Two families of high-temperature superconductors (HTS)—materials that can conduct electricity without energy loss at unusually high (but still quite cold) temperatures—may be more closely related than scientists originally thought.

    Beyond their layered crystal structures and the fact that they become superconducting when “doped” with atoms of other elements and cooled to a critical temperature, copper-based and iron-based HTS seemingly have little in common. After all, one material is normally an insulator (copper-based), and the other is a metal (iron-based). But a multi-institutional team of scientists has now presented new evidence suggesting that these radically different materials secretly share an important feature: strong electronic correlations. Such correlations occur when electrons move together in a highly coordinated way.

    “Theory has long predicted that strong electronic correlations can remain hidden in plain sight in a Hund’s metal,” said team member J.C. Seamus Davis, a physicist in the Condensed Matter Physics and Materials Science at the U.S. Department of Energy’s (DOE) Brookhaven National Laboratory and the James Gilbert White Distinguished Professor in the Physical Sciences at Cornell University. “A Hund’s metal is a unique new type of electronic fluid in which the electrons from different orbitals, or energy shells, maintain very different degrees of correlation as they move through the material. By visualizing the orbital identity and correlation strength for different electrons in the metal iron selenide (FeSe), we discovered that orbital-selective strong correlations are present in this iron-based HTS.”

    It is yet to be determined if such correlations are characteristic of iron-based HTS in general. If proven to exist across both families of materials, they would provide the universal key ingredient in the recipe for high-temperature superconductivity. Finding this recipe has been a holy grail of condensed matter physics for decades, as it is key to developing more energy-efficient materials for medicine, electronics, transportation, and other applications.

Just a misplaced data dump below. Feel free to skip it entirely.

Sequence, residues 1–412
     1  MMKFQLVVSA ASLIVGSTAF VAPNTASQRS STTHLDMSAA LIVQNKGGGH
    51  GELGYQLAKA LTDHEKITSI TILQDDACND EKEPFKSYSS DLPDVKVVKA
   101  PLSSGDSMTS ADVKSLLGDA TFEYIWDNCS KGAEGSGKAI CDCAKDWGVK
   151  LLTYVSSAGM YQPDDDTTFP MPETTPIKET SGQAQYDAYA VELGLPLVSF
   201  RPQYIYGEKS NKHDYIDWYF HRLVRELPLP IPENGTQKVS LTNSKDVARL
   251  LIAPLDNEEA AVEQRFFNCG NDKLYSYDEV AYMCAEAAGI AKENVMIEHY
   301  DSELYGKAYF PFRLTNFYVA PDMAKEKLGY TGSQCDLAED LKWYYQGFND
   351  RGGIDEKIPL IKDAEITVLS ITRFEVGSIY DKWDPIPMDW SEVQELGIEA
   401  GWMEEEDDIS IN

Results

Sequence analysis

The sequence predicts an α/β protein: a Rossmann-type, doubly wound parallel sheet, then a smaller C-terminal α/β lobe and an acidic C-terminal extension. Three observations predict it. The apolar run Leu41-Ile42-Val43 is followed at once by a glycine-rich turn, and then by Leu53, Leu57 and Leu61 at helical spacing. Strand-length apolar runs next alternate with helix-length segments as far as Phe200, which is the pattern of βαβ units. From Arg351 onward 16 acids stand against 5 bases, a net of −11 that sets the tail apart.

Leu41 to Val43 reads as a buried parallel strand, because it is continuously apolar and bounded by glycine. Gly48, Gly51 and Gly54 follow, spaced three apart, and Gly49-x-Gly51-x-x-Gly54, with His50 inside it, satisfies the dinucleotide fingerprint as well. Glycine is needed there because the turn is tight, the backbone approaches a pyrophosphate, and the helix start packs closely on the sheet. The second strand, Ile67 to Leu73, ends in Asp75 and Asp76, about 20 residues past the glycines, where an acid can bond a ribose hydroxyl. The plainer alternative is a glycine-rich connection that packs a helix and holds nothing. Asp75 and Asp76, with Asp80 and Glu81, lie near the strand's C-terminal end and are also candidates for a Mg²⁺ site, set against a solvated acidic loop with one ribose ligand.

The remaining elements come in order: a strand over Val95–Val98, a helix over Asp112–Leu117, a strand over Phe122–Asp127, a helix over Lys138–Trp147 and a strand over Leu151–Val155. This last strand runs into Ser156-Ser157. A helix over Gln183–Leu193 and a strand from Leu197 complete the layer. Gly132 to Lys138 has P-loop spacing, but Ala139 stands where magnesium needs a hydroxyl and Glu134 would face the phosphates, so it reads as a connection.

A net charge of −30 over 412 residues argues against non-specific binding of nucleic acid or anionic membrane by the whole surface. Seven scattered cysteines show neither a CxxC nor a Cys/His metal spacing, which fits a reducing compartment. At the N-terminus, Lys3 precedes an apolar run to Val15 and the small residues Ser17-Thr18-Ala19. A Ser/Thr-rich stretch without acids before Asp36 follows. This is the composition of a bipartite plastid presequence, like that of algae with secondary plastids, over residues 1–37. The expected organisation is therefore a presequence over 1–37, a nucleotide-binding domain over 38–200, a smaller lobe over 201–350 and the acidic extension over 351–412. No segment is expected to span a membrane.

Experiment meets theory

    Since the discovery of iron-based HTS in 2008 (more than 20 years after that of copper-based HTS), scientists have been trying to understand the behavior of these unique materials. Confusion arose immediately because high-temperature superconductivity in copper-based materials emerges from a strongly correlated insulating state, but in iron-based HTS, it always emerges from a metallic state that lacks direct signatures of correlations. This distinction suggested that strong correlations were not essential—or perhaps even relevant—to high-temperature superconductivity. However, advanced theory soon provided another explanation. Because Fe-based materials have multiple active Fe orbitals, intense electronic correlations could exist but remain hidden due to orbital selectivity in the Hund’s metal state, yet still generate high-temperature superconductivity.

    In this study, recently described in Nature Materials, the team—including Brian Andersen of Copenhagen University, Peter Hirschfeld of the University of Florida, and Paul Canfield of DOE’s Ames National Laboratory—used a scanning tunneling microscope to image the quasiparticle interference of electrons in FeSe samples synthesized and characterized at Ames National Lab. Quasiparticle interference refers to the wave patterns that result when electrons are scattered due to atomic-scale defects—such as impurity atoms or vacancies—in the crystal lattice.

    2
    The spectroscopic imaging scanning tunneling microscope used for this study, in three different views.

    Spectroscopic imaging scanning tunneling microcopy can be used to visualize these interference patterns, which are characteristic of the microscopic behavior of electrons. In this technique, a single-atom probe moves back and forth very close to the sample’s surface in extremely tiny steps (as small as two trillionths of a meter) while measuring the amount of electrical current that is flowing between the single atom on the probe tip and the material, under an applied voltage.

    Their analysis of the interference patterns in FeSe revealed that the electronic correlations are orbitally selective—they depend on which orbital each electron comes from. By measuring the strength of the electronic correlations (i.e., amplitude of the quasiparticle interference patterns), they determined that some orbitals show very weak correlation, whereas others show very strong correlation.